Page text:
Could the Health Decline of Prehistoric California Indians Be Related to Exposure to Polycyclic Aromatic Hydrocarbons (PAHs) from Natural Bitumen?

By Warmlander, Sebastian K. T. S.; Sholts, Sabrina B. et al. | Environmental Health Perspectives, September 2011 | Go to article overview
Save to active project

Could the Health Decline of Prehistoric California Indians Be Related to Exposure to Polycyclic Aromatic Hydrocarbons (PAHs) from Natural Bitumen?


Warmlander, Sebastian K. T. S., Sholts, Sabrina B., Erlandson, Jon M., Gjerdrum, Thor, Westerholm, Roger, Environmental Health Perspectives


BACKGROUND: The negative health effects of polycyclic aromatic hydrocarbons (PAHs) are well established for modern human populations but have so far not been studied in prehistoric contexts. PAHs are the main component of fossil bitumen, a naturally occurring material used by past societies such as die Chumash Indians in California as an adhesive, as a waterproofing agent, and for medicinal purposes. The rich archaeological and ethnohistoric record of the coastal Chumash suggests that they were exposed to multiple uptake pathways of bituminous PAHs, including direct contact, fume inhalation, and oral uptake from contaminated water and seafood.

OBJECTIVES: We investigated the possibility that PAHs from natural bitumen compromised the health of the prehistoric Chumash Indians in California.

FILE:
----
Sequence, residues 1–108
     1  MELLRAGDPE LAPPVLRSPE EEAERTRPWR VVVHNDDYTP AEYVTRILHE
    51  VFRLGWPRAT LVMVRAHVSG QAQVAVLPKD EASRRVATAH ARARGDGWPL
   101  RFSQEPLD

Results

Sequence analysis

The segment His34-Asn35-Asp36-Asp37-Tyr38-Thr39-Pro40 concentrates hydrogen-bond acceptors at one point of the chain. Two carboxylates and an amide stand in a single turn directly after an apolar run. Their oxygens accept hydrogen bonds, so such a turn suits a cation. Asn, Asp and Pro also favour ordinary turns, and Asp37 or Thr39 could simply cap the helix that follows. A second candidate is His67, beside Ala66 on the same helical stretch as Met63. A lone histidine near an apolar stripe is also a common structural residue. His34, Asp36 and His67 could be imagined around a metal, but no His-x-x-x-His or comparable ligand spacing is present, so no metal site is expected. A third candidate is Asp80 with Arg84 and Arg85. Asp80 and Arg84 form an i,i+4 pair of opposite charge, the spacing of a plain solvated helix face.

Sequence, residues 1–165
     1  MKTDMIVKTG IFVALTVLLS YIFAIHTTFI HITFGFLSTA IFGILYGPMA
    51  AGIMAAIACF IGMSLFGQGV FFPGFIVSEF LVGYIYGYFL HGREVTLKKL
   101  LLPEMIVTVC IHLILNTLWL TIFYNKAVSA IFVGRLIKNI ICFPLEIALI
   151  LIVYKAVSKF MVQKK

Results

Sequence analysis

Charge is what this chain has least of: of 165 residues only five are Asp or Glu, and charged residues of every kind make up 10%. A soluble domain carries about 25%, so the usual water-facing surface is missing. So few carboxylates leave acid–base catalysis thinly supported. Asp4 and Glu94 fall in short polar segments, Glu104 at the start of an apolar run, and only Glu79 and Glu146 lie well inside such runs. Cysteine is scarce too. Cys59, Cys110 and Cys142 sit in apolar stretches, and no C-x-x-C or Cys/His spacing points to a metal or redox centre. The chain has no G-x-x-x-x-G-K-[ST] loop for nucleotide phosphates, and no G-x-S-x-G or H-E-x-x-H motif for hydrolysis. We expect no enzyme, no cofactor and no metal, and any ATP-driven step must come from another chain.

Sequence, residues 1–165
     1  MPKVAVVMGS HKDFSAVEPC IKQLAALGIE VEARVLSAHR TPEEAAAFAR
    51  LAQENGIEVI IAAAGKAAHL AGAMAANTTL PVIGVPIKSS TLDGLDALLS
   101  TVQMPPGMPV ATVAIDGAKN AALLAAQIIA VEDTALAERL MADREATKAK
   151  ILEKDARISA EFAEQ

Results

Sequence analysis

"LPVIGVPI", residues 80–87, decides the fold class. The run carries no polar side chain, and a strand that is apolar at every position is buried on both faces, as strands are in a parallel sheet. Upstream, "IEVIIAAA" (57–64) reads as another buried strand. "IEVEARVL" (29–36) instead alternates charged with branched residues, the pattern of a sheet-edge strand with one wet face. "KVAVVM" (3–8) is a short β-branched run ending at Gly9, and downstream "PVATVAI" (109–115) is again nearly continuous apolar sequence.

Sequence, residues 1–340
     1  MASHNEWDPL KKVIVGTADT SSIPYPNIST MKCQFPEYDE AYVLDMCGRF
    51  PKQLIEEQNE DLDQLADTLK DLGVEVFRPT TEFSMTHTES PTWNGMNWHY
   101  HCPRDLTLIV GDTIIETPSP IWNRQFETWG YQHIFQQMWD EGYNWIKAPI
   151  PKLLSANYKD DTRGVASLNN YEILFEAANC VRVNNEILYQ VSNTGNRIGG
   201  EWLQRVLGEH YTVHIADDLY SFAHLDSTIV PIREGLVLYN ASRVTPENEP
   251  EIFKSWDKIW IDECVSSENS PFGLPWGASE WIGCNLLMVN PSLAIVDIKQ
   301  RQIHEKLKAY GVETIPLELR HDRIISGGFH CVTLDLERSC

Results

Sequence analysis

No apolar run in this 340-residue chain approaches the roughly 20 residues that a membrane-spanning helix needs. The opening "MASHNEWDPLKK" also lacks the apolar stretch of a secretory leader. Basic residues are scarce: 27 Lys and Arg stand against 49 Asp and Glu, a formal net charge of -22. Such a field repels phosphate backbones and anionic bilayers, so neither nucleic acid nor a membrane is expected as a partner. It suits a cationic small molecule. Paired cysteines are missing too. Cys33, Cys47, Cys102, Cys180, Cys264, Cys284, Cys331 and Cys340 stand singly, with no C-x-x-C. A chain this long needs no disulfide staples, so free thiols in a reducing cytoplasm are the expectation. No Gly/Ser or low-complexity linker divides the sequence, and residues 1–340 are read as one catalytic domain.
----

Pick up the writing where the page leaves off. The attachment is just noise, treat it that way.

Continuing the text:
CONCLUSIONS: Exposure of the ancient Chumash Indians to toxic PAHs appears to have gradually increased across a period of 7,500 years because of an increased use of bitumen in the Chumash technology, together with a dietary shift toward PAH-contaminated marine food. Skeletal analysis indicates a concurrent population health decline that may be related to PAH uptake. However, establishing such a connection is virtually impossible without knowing the actual exposure levels experienced by these populations. Future methodological research may provide techniques for determining PAH levels in ancient skeletal material, which would open new avenues for research on the health of prehistoric populations and on the long-term effects of human PAH exposure.

KEY WORDS: bioaccumulation, biomarkers exposure, bone and cartilage, cultural practices, diet and nutrition, environmental epidemiology, indigenous peoples, molecular epidemiology, polycyclic aromatic hydrocarbons, population health. Environ Health Perspect 119:1203--1207 (2011). http:// dx.doi.org/10.1289/ehp.1103478 [Online 19 May 2011]

In the modern world, our environment abounds in polycyclic aromatic hydrocarbons (PAHs) derived mainly from fossil fuels formed by the anaerobic decomposition of dead organisms over millions of years. The lipophilic PAHs, which chemically consist of two or more condensed aromatic benzene rings and occur in a large number of isomers, are readily taken up by the human body and distributed to different organs and tissues, including the fetus. Significant health problems such as cancer, altered hormone levels, damage to internal organs including the nervous system, and deficiencies in important nutrients such as vitamin A have been associated with exposure to liquid and atmospheric PAHs (Bostrom et al. 2002; Li et al. 2003; Mastrangelo et al. 1996; Westerholm et al. 1988, 2001). Such exposure can originate from gasoline and diesel combustion, fossil fuel processing, road paving, roofing, and tobacco smoking. PAH exposure has also been associated with reproductive and developmental impairments, including reduced birth length and head circumference in children of women exposed to PAHs during pregnancy (Choi et al. 2006; Petera et al. 1998; Polahska et al. 2010). Occasionally, extraordinary events such as major oil spills result in drastic PAH exposute, which may have severe consequences for human and animal life (Hickenetal. 2011; Wells et al. 1995).